As cars age and wear, they lose value. Sure, it’s a nightmare for a seller, but for car buyers, the depreciation curve is their best friend — especially if you’re in the market for a luxury car. But it can be transposed to collector cars too; there are plenty of stories of people on limited budgets scoring the Mercedes or Rolls-Royce of their dreams, and paying pennies on the dollar for them. But there’s usually a catch: “TLC.”
How many times have you looked at used cars and came across those three little letters? To sellers, TLC can mean anything from a blown out headlight bulb to a leaky muffler to a seized engine. And to a certain type of gearhead, the more tender love and care a car needs the better; it usually means they’re getting a deal. If you can do the wrenching on it yourself, you probably can.
In the past, we’ve looked at classics that are easy to restore, thanks to dead-simple mechanicals, an abundance of parts, a wealth of knowledge, and even a number of examples. But there’s the other side of restoration: The rare, the endangered, the complex, and the temperamental. It’s the reason why old Miatas are starting to rise in value, but you could probably find a handful of needy Lancias offered for cheap. Or why a running 30-year-old Rolls-Royce could be had for less than a Nissan Versa. Some cars are marvels of automotive engineering and form, but they cost a fortune to set right and maintain. So we looked at some cars that could be, should be, and once were great, and found eight that no amateur gearhead should take on as a project. That is, unless they’re incredibly wealthy, have years of free time on their hands, or are completely and utterly insane.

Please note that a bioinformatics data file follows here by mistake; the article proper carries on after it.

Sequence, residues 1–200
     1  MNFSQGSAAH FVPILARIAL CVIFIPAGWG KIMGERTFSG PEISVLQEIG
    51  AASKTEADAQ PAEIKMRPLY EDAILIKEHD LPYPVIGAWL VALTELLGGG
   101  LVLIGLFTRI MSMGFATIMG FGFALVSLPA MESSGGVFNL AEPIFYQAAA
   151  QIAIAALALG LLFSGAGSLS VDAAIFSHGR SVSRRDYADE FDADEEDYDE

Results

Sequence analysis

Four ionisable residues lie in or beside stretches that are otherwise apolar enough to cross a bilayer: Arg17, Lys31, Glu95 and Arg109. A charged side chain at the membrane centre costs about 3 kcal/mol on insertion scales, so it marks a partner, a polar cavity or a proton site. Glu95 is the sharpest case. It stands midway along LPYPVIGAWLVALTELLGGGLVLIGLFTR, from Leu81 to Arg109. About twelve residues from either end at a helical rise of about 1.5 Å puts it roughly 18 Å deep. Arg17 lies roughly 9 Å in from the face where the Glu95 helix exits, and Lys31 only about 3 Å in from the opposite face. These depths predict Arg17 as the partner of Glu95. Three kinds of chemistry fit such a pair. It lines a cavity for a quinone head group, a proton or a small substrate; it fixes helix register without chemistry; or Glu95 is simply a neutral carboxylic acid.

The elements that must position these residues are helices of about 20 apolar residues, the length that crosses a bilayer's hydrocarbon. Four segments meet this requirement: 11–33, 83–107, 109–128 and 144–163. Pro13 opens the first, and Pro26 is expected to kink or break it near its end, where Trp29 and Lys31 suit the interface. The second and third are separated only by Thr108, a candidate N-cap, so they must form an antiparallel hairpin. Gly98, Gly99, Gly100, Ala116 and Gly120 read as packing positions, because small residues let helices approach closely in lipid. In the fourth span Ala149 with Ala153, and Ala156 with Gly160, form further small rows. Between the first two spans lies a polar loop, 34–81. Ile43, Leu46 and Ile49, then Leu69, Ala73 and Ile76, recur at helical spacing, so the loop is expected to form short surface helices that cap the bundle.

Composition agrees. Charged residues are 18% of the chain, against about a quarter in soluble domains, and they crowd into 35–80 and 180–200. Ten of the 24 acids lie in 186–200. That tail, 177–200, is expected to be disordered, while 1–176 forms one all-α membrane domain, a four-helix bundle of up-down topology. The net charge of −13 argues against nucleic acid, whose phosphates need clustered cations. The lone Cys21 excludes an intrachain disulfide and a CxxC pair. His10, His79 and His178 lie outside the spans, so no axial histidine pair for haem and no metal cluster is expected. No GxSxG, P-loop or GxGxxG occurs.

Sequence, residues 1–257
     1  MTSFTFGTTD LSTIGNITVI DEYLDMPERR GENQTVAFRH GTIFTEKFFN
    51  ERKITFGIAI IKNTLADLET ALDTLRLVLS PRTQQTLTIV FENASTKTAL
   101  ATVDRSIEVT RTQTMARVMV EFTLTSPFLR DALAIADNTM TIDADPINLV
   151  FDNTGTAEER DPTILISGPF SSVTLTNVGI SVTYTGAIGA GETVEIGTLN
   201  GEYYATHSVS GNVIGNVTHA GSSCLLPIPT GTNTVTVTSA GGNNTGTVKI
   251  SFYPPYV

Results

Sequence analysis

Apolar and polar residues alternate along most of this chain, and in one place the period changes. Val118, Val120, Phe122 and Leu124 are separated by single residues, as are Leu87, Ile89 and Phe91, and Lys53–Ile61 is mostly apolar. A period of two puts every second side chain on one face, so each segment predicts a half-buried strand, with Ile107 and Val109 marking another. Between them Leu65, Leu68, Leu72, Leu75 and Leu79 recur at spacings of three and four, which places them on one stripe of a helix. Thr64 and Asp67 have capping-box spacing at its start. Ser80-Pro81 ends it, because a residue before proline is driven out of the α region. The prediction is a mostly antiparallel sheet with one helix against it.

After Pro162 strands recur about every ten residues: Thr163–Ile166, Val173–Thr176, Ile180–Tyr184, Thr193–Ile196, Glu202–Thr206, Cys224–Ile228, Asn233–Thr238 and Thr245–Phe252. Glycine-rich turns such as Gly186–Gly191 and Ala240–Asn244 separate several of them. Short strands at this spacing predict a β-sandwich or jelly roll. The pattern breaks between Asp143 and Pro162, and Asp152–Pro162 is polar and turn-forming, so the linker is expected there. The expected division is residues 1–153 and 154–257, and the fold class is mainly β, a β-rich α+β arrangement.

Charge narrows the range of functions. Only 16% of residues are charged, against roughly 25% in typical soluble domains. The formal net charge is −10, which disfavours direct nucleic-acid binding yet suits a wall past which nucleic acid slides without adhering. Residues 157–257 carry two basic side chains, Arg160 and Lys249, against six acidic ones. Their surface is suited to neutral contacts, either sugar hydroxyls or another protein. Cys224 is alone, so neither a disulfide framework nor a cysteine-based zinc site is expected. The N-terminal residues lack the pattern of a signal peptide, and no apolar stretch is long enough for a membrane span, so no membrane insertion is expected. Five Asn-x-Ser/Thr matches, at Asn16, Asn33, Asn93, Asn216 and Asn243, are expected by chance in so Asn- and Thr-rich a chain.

1. 1964-1981 Mercedes-Benz 600 Grosser
From 1964 to 1981, the Mercedes 600 made a strong case for itself as the most luxurious car in the world. Virtually anything could be had in the car, but everything, from the suspension to the power windows, was operated by a complex hydraulic system that needed to be meticulously maintained. Neglect (or worse, using the wrong fluids) could harden and crack the lines. A pinhole leak to the high-pressure system was so powerful it could break skin. And once the system lost pressure, virtually everything in the car (save for the engine, transmission, and electrical system) was rendered useless.
There are usually a few bargain Grossers out there, but only so many repair specialists left in the world. Be warned: This is a car where basic maintenance can run into the tens of thousands of dollars.
8 Project Cars Beginners Should Steer Clear of - Page 3